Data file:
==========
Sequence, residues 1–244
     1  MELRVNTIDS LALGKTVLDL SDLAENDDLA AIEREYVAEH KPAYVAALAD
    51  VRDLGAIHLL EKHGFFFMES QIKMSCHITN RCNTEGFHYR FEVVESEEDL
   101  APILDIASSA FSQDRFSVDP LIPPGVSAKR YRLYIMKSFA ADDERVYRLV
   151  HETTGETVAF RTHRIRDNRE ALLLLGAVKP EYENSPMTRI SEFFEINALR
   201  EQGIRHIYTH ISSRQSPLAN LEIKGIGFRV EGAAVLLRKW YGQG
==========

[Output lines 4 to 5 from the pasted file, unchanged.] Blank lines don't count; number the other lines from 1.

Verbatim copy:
   101  APILDIASSA FSQDRFSVDP LIPPGVSAKR YRLYIMKSFA ADDERVYRLV
   151  HETTGETVAF RTHRIRDNRE ALLLLGAVKP EYENSPMTRI SEFFEINALR